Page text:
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Celebrate Anne Frank's birthday with these overlooked WWII memoirs


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Today marks what would have been Anne Frank's 89th birthday, had she not been captured by the Nazis and died of typhus at Bergen-Belsen aged just 15. To commemorate Anne's life, here at The National Student, we've decided to share some lesser known WWII memoirs for you to read, ones that have flown more under the radar than Elie Wiesel's Night or Anne Frank's Diary.

1. Code Talker: The First and Only Memoir By One of The Original Navajo Code Talkers of WWII-Chester Nez and Judith Schiess Avila

I had no idea about the Navajo Code Talkers until I listened to a podcast episode from Stuff You Missed In History Class about codebreaking in WWII, and they talked a bit about US codebreaking methods in WWII. The Navajo Code Talkers worked in the marines and passed messages from command to the rest of the soldiers in the Pacific Theater, and it was basically unbreakable because Navajo is unintelligible to anyone who is not a native speaker and has not had training it. Chester Naz was the last living Navajo Code Talker, and he died in 2014, so this book is the last source of information about the Navajo Code Talkers that comes directly from one of them.

2. The Hiding Place: The Triumphant Story of Corrie Ten Boom-Corrie Ten Boom, John Sherrill, Elizabeth Sherrill

Corrie Ten Boom and her family were leaders in the Dutch Underground in WWII: they hid Jews in their home and helped them escape from Nazi Germany. All but Corrie were killed in concentration camps during the war. The Hiding Place tells Corrie and her family's war story.

3. Code Name Pauline: Memoirs of a World War II Special Agent-Pearl Witherington Cornioley

Pearl Witherington was a Special Agent in the French branch of the Special Operations Executive, the spy network set up by Winston Churchill in WWII, first as an undercover courier and then the leader of a group of 3,500 men, and she was integral in many acts of sabotage committed by the SOE during the war.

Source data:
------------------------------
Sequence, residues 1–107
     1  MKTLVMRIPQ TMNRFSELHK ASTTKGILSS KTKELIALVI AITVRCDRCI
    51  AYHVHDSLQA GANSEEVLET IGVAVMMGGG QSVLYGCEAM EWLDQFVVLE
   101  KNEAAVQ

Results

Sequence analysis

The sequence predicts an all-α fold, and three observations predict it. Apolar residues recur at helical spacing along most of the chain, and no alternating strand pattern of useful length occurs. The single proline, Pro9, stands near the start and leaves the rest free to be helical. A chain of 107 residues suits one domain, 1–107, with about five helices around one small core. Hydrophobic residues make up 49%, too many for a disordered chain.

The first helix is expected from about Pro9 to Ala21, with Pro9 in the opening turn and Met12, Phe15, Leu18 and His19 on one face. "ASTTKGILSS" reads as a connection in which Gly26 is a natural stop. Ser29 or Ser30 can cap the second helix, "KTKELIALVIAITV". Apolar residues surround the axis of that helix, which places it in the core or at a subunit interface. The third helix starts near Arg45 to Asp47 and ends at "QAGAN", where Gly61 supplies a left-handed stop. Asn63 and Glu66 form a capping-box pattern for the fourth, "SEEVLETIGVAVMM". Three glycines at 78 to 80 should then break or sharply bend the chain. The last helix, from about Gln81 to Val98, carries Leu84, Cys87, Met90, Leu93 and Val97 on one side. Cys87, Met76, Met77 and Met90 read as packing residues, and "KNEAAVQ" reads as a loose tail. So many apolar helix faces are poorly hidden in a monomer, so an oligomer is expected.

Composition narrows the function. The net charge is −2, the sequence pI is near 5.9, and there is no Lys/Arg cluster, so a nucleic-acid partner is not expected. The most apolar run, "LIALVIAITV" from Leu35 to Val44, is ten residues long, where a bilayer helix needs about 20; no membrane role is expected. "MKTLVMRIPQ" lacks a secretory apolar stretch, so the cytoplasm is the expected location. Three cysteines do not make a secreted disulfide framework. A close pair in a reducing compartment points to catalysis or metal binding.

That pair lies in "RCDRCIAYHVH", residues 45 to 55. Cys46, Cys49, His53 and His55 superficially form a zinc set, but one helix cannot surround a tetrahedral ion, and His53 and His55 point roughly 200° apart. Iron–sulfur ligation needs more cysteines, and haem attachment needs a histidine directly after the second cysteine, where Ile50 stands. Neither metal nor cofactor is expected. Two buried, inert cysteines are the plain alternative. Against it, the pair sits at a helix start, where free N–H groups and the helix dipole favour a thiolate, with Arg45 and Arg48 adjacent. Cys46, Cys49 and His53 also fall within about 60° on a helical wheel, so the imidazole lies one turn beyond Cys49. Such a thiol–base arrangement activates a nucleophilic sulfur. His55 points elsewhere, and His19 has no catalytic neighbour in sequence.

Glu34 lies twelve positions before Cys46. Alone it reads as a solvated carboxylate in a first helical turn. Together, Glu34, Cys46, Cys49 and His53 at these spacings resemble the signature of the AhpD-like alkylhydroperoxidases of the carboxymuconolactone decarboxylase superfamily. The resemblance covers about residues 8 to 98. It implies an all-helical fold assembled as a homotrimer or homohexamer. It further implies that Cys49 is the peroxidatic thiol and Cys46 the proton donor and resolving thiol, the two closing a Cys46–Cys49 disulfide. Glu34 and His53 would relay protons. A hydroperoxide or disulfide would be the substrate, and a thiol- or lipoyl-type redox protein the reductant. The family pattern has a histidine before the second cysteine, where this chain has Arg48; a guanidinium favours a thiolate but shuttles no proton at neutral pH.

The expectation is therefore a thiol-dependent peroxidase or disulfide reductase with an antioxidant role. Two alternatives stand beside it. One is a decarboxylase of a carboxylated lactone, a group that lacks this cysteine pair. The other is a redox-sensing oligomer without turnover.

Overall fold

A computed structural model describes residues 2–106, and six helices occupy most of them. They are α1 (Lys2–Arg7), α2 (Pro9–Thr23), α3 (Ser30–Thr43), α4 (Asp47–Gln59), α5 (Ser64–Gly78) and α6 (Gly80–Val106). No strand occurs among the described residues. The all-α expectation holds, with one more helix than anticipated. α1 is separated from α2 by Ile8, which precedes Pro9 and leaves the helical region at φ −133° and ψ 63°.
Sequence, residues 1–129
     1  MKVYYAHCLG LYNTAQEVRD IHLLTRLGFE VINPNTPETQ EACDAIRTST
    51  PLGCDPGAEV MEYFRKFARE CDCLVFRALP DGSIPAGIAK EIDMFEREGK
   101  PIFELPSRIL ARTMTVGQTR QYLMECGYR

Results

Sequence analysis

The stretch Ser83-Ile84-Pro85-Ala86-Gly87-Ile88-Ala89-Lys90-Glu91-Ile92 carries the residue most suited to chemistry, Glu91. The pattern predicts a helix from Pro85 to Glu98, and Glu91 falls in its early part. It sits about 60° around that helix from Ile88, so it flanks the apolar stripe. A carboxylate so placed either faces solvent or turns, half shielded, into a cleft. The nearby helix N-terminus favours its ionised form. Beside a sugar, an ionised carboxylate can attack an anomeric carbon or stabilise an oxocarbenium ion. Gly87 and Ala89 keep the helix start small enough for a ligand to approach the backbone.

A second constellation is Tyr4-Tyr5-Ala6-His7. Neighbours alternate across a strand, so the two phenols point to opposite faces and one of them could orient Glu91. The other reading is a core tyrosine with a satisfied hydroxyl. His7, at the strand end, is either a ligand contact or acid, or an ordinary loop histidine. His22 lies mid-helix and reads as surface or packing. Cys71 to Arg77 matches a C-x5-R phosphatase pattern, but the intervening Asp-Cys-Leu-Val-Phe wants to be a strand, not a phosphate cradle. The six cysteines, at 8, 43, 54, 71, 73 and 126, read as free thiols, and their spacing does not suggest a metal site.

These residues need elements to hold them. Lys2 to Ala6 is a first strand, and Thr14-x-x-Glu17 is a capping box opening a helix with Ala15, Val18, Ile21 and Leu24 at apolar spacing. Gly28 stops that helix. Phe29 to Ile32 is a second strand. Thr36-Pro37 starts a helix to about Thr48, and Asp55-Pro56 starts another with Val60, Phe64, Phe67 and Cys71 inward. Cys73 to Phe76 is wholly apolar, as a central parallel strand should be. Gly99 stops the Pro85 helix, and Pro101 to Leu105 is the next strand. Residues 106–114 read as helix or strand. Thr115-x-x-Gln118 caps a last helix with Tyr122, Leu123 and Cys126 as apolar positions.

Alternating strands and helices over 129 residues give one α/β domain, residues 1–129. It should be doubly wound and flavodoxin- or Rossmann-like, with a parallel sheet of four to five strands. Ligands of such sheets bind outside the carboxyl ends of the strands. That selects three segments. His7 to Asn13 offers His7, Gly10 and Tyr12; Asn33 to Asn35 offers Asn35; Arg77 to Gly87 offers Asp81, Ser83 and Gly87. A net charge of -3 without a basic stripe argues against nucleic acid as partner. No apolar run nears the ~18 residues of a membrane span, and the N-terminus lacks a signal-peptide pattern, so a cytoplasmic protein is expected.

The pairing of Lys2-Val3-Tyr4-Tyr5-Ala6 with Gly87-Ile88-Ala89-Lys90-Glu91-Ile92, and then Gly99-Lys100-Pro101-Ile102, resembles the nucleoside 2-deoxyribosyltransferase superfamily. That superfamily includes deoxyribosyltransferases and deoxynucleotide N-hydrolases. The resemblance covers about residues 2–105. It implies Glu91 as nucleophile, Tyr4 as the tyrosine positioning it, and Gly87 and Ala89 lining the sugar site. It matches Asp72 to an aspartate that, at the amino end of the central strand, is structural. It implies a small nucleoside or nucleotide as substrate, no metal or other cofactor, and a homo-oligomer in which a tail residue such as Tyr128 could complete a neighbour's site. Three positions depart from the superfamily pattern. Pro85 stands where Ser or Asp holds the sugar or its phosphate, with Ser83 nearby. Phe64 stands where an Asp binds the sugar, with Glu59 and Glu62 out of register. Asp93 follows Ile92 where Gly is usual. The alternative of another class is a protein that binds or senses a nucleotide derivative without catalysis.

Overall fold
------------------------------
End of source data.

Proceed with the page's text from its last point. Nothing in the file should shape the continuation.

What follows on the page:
4. Arise To Conquer-Ian Gleed

Gleed's memoir was actually written during WWII; an account of his service during the Battle of Britain, from his first mission in 1939 to recieving the Distinguished Flying Cross. Gleed died in 1943, having been shot down in his plane over Tunisia.

5. The Last Jew of Treblinka-Chil Rajchman

Rajchman's memoir is the only survivor's record of Treblinka, so definitely an important one to read to understand from a firsthand perspective what went on at that camp. The book was originally published in 1944, in Yiddish, but has subsequently been translated into English.

6. An Underground Life: Memoirs of a Gay Jew In Nazi Berlin-Gad Beck

Gad Beck's memoir talks about his life being gay and a Jew and a teenage leader in the Resistance in WWII. It's quite frankly amazing that he managed to stay out of the Concentration camps, let alone survived the war! Given that it's currently Pride Month, Gad Beck's memoir would be the perfect book to read if you want both a taste of WWII, and to read something written by a gay man.

7. Between Silk and Cyanide: A Codemaker's War, 1941-1945-Leo Marks

Leo Marks was head of Communications of the SOE, and invented lot of the codes used by the British in WWII. When it comes to British cryptography, we tend to think immediately of Alan Turing and the codebreakers and Bletchley Park, but Marks' work with the SOE was just as integral to the war effort. Marks was also a playwright and screenwriter, and he has a very humourous and engaging writing style as well as writing about a fascinating subject.

8. The Boy On The Wooden Box: How the Impossible Became Possible....on Schindler's List-Leon Leyson

Leon Leyson is the only Schindler's List child to have written a memoir - he was only ten years old when the Nazis invaded Poland and his family were forced into the Krakow ghetto. The book Schindler's List follows the life of Oskar Schindler, the man who saved many Jews' lives by employing them in his factory, but that is a fictional novel, so if you want a historical account from someone who was actually on Schindler's list, then this might be a good place to start.

9. Barefoot Gen-Keiji Nakazawa

Barefoot Gen is a ten part Japanese manga series, which, although slightly fictionalised and not a completely direct account like some of the memoirs in this list, is a semi-autobiographical account of the author's experiences of the atomic bombing of Hiroshima and the aftermath. Hiroshima is an event that tends to be overlooked in WWII writing, and this being a graphic novel, it's an accessible way of learning about the horrific bombing.

10. Diary of A Young Girl-Anne Frank

I couldn't finish off this list without including the book that inspired it, Anne Frank's diary. Anne Frank's story is such a tragic one, but what is amazing about Anne Frank's diary is how much hope she had, even in the darkest period of her short life.


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